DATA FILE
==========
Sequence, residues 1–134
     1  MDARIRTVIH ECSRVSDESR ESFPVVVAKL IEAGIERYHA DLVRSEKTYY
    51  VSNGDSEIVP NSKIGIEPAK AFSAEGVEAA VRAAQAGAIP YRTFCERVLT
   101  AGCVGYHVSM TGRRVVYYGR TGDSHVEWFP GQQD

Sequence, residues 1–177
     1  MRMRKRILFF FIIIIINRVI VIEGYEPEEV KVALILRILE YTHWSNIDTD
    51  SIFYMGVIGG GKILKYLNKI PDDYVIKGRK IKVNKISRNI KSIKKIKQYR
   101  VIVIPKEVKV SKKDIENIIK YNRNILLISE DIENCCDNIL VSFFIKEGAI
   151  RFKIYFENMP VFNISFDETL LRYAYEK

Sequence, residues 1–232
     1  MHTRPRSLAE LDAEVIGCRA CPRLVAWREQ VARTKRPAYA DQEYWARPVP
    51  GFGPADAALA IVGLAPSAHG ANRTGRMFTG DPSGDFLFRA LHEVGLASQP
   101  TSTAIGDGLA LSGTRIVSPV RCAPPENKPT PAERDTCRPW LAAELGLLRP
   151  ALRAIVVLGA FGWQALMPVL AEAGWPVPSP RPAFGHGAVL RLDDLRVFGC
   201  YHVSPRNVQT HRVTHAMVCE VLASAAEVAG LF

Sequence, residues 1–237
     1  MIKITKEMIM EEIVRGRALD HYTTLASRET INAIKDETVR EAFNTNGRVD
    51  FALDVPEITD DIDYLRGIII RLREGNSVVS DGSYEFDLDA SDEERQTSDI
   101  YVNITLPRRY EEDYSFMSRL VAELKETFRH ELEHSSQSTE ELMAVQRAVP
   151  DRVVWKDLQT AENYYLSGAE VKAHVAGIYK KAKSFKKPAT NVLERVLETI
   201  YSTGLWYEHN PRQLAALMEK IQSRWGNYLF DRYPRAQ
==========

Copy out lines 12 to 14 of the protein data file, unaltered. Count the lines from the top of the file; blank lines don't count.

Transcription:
    51  GFGPADAALA IVGLAPSAHG ANRTGRMFTG DPSGDFLFRA LHEVGLASQP
   101  TSTAIGDGLA LSGTRIVSPV RCAPPENKPT PAERDTCRPW LAAELGLLRP
   151  ALRAIVVLGA FGWQALMPVL AEAGWPVPSP RPAFGHGAVL RLDDLRVFGC